While running for reelection in 2012, President Obama repeatedly claimed that he would pursue an "all of the above" energy policy. But after winning a second term, his administration seems to have decided that "all of the above" doesn't include oil, natural gas or coal.
In just the past year, the Environmental Protection Agency (EPA) pushed forward regulations designed to stop new coal plants and shut down old ones, continued to block the much-needed Keystone XL pipeline, and pushed for regulations that threaten to impede production of natural gas. Under Obama, oil and gas production on federal lands has been stifled.
The latest and most disturbing evidence of this bias against conventional energy comes from a raft of e-mails unearthed as part of a lawsuit against the EPA. These emails document extensive collusion between EPA officials and environmental activists.
They show, for example, EPA officials working directly with green groups to coordinate messaging, decide on locations for public hearings, help environmentalists gather public comments to support the EPA and give advance notice of an administrative order.
The Energy and Environment Legal Institute, which sued to retrieve these emails, noted that the "level of coordination in these documents is shocking."
What's especially troubling about these revelations is that the EPA appears to be working hand in glove with environmental groups bent on strictly limiting, if not eliminating, oil, natural gas and coal production in the United States.
The Sierra Club, for example, not only wants to do away with coal, but now has a "Beyond Natural Gas" campaign that calls this energy source "dirty, dangerous and run amok." That's despite the fact that natural gas is a clean and abundant source of domestic energy that is directly responsible for the recent decline in U.S. greenhouse gas emissions.
Yet emails suggest the EPA is now actively promoting environmentalists' unfounded attack against natural gas.
In one correspondence, regional EPA administrator James Martin tells the general counsel for the Environmental Defense Fund that a set of hearings in Denver "will make Roy Palmer nervous!" Palmer is an executive with Xcel Energy, a leading natural gas utility in Colorado.
In January, the EPA reassured environmentalists that it plans to move ahead on implementing cumbersome rules concerning fracking, an advanced drilling technology that is responsible for making vast supplies of domestic natural gas and oil economically recoverable.
The emails also reveal how the EPA has plotted with environmentalists to kill the Keystone XL Pipeline, which if it's ever built will provide U.S. refiners with access to tremendous supplies of oil from our Canadian neighbor.
The Sierra Club's Lena Moffit thanks an EPA senior advisor for meeting with the organization and even offers to suggest ways to stop the pipeline from being built in one e-mail.
This isn't the first time the EPA was found in a too-cozy relationship with green groups hostile to conventional energy sources. Under Obama, the EPA has increasingly used what critics call a "sue and settle" strategy. First, environmental groups sue the EPA, claiming it's not doing enough or is moving too slowly. The EPA then quickly settles, agreeing essentially to everything the green groups want. Often, the EPA even reimburses the environmentalist groups' litigation costs.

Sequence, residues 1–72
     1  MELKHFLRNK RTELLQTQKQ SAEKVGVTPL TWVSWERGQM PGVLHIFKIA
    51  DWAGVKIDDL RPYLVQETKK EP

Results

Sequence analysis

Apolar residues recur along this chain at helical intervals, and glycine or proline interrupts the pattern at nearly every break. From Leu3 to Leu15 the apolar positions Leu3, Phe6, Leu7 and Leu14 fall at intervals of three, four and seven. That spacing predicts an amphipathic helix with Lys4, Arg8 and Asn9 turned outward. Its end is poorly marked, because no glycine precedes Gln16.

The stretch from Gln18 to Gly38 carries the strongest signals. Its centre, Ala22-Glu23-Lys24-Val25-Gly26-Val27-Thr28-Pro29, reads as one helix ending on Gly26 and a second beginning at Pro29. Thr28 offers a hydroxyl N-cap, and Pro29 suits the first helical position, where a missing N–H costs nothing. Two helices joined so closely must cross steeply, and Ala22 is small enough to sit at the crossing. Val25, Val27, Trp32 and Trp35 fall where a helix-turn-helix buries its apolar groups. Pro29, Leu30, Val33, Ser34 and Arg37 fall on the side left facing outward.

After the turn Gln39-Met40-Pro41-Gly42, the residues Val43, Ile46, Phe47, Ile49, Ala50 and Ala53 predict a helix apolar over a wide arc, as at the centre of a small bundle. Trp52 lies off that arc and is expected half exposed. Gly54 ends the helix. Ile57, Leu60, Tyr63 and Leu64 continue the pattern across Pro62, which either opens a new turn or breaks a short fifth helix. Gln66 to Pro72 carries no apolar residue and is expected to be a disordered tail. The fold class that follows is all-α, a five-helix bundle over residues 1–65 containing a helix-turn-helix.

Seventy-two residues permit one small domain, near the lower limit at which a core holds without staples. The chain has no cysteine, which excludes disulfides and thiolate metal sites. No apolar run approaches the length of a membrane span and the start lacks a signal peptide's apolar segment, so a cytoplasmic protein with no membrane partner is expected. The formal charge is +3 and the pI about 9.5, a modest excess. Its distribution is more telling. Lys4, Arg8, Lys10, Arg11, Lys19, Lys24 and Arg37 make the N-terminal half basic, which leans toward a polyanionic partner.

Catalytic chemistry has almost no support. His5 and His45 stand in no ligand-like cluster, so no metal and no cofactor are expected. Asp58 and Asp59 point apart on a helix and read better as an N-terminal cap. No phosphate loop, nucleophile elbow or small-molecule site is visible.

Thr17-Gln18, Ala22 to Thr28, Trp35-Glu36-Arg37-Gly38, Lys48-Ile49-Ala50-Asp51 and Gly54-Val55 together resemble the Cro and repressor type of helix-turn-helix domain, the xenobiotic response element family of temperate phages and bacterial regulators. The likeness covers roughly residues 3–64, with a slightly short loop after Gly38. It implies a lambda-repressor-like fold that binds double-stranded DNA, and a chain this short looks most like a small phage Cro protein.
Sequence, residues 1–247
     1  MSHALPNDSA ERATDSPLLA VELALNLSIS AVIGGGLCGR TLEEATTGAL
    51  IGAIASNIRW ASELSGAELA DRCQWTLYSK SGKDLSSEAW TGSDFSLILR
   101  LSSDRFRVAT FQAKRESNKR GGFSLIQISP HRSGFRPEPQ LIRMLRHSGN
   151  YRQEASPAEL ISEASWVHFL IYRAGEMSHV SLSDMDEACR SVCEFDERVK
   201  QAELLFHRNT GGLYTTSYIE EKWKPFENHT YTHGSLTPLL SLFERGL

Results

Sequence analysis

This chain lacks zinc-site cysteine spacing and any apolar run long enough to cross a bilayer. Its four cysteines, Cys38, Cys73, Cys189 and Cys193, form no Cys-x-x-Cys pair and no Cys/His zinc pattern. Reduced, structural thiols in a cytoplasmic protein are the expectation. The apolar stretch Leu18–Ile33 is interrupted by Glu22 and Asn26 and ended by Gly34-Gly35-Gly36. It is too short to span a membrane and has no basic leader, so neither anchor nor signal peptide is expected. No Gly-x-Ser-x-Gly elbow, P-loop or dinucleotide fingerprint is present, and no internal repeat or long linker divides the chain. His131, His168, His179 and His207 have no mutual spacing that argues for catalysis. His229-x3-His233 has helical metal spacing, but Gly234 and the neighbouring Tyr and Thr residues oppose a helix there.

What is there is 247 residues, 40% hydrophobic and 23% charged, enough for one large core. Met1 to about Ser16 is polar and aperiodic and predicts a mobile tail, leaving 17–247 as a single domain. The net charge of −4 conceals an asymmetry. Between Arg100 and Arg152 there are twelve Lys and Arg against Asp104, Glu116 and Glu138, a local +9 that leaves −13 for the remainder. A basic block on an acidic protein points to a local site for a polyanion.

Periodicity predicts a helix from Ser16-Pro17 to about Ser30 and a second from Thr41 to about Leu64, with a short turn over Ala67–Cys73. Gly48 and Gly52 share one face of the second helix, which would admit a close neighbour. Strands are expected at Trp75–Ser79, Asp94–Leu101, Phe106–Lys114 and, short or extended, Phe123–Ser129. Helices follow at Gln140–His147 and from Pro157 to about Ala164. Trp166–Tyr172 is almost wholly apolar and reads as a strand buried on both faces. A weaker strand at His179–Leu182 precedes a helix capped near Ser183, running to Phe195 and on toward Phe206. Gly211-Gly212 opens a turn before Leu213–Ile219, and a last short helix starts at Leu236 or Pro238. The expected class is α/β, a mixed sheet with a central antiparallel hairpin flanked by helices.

A Chamber of Commerce report found 60 such "sue and settle" cases in Obama's first term, which resulted in the EPA agreeing to publish more than 100 new regulations that will cost the economy billions. A dozen state attorneys general are now suing the EPA to release records of these settlement deals with environmentalists.
The country simply cannot afford to have an agency as powerful as the EPA working with activist groups to put needless roadblocks in front of energy production.
The reality is traditional forms of energy will remain the dominate source of energy for decades. The Energy Information Administration reports that renewable energy will fill just 10 percent of the nation's needs by 2040, up only slightly from today's 7 percent. Meanwhile, oil will account for 35 percent, and natural gas 29 percent.
What's more, encouraging the development of cheaper conventional energy is good for the economy, creating jobs while making businesses more competitive in the global marketplace. It's no mystery why oil rich Texas and North Dakota economies are booming and unemployment in those states is so low.
The bottom line is that the EPA shouldn't be in the business of dictating which energy source the country can use, much less working with outside activist groups to make that happen. If the mission of the EPA truly is to "protect human health and the environment" it must base its decisions on the facts, not on the ideology of hardline green energy groups.
Drew Johnson is a senior fellow at the Taxpayers Protection Alliance, a nonpartisan, nonprofit educational organization dedicated to a smaller, more responsible government.